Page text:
Likewise, etiquette is just a fact of the world when we admit that it is not ultimately the minuscule details of a Victorian aristocratic luncheon, but the way we conduct ourselves as civilised human beings anywhere, at any time, in any era, and with anybody. So I too cannot just decide that it does not matter if I do not  produce my hand to greet someone or continue talking whilst masticating violently, that no one should judge me and think any less of me. There is an inextricable link with how I behave and who I am. Etiquette benefits everyone, whether they like it or not, because it represents something real in the world.

How much of it do we need, is it really all necessary?

You may be convinced that you need some degree of manners and skill, but not yet persuaded that you need to obey so many rules, do you have to? Well, yes and no, but mostly yes. Firstly, it depends on the setting. In some environments the rules may be laxer and you can afford to be more individual in your approach (e.g. in your own home) but in many others (a formal dining event) you definitely should follow the rules.

Though there is a reason why I say ‘mostly yes’, and it is for the following. Until you know most of the essentials and rules, you do not really have the knowledge to know when to break them, if any rule is to be broken at all. For you might decide to break one rule and then break another, and this is what I warn against. The moment you decide that it is not necessary to do something that you normally should, say, not using a napkin at all rather than placing it on your lap, then what next? ‘Do I really have to break the scone, I can’t just cut it?!’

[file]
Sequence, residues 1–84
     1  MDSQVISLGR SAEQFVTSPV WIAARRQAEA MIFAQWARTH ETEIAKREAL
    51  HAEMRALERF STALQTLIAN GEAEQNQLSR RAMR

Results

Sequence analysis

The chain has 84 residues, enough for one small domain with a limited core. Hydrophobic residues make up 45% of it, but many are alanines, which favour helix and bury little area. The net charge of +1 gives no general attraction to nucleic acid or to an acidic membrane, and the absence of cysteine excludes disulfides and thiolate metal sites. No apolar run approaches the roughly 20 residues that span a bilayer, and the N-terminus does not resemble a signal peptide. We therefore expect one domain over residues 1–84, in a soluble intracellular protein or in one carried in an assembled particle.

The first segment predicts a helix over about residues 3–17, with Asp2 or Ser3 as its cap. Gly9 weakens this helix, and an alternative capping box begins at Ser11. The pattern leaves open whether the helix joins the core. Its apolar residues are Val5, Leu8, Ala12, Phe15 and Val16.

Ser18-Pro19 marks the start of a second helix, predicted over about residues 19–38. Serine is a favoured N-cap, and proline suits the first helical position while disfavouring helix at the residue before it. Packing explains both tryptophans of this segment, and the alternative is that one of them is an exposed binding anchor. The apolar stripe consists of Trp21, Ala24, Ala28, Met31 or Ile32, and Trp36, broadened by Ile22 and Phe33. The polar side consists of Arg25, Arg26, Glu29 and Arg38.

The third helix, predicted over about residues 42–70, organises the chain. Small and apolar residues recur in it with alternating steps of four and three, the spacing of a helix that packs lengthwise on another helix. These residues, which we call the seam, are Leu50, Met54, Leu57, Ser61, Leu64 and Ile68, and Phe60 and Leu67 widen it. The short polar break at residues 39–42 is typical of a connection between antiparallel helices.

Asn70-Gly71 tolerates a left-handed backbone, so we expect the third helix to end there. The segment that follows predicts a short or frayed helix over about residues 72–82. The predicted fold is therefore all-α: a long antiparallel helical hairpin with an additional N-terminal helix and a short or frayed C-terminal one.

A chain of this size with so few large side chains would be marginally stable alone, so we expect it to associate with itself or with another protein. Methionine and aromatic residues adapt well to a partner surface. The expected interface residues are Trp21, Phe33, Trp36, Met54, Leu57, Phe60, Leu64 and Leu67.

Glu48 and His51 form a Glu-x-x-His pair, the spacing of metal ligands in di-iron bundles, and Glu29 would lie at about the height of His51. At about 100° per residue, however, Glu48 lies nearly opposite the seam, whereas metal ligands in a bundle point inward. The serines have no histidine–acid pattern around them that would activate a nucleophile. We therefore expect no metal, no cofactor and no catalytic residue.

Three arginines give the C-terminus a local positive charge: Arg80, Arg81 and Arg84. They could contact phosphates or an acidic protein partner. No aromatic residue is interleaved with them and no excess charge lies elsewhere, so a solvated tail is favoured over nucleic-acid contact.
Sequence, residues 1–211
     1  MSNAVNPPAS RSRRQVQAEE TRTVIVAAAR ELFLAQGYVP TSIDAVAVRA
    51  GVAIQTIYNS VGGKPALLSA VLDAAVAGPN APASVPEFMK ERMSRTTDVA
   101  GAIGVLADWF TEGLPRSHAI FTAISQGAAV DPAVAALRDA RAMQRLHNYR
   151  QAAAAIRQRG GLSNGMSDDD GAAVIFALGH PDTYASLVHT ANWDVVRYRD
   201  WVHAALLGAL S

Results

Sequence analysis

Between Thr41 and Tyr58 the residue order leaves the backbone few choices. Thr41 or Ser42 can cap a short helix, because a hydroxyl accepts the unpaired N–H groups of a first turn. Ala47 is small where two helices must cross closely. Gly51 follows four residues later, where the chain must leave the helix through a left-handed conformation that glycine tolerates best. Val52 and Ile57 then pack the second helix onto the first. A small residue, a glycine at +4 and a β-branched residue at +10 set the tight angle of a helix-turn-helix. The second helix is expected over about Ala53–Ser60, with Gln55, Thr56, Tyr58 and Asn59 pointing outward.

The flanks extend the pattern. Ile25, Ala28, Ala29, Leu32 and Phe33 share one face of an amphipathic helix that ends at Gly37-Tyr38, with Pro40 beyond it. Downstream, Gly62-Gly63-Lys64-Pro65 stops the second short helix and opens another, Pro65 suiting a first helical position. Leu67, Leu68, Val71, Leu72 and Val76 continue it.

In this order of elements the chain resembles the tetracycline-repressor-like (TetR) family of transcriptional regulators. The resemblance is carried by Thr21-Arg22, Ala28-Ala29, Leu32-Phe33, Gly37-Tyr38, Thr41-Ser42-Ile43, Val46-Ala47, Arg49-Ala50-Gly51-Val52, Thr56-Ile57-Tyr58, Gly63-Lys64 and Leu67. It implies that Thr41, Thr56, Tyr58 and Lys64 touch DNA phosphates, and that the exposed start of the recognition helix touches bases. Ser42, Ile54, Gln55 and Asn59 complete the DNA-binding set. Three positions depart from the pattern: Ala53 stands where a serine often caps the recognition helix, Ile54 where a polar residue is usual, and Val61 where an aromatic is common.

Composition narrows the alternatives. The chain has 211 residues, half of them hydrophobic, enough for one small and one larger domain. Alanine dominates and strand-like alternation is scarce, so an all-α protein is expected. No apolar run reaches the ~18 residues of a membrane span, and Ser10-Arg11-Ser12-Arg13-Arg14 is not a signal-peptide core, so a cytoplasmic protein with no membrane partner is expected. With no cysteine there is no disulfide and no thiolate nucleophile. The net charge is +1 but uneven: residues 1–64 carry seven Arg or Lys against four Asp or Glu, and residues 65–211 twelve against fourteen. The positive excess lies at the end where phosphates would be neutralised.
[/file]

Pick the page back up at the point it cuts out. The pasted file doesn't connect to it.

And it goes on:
I am a firm believer in the slippery slope in most cases, and believe that the majority of us suffer from the insolence in believing our minor actions to matter so little. Au contraire, in the example I have just given, if you think it is needless to place your napkin on your lap, why is it not needless to break your scone instead of cutting it, and if so, then why is it not needless to close my mouth while chewing, surely it matters what I say, not how I say it, right?! This is the kind of individualist speak that plagues the modern world: the belief that my thoughts and behavior matter mostly to me only and if nobody likes it, then that is their problem And so the Gramscian-style salami-slicing of good manners begins.

Feel free to pursue this path, but do not be surprised when you encounter many with beliefs to the contrary, should you be lucky enough to do so. For as long as you think it is superfluous and tedious to have proper deportment, the more unlikely it is for you to go anywhere in life. You want to be successful? How about that one business lunch, upon which a huge deal depends, and your potential investor sees the way you lounge your elbows over the table while embarking on a political discussion instead of avoiding that taboo subject? Needless to say how successful that lunch will go.

Final Word

Apart from sounding like an outrageous snob, the reality of the matter these days is quite the opposite. I want everybody to understand that etiquette is just about manners, and surely, we all want good manners. Therefore, the more people who do it, the better. It can be fun, interesting and really does shed light on life more than people think. The very basic nature of human society is our behavior to one and other, and that nature is thus as old as human society itself. Coming into contact with that really does anchor you in the present moment in a kind of Burkean conversation, as it were, with past and future warmly beside you. I would have thought that a higher recommendation were not possible to give.

Victorian Tea Room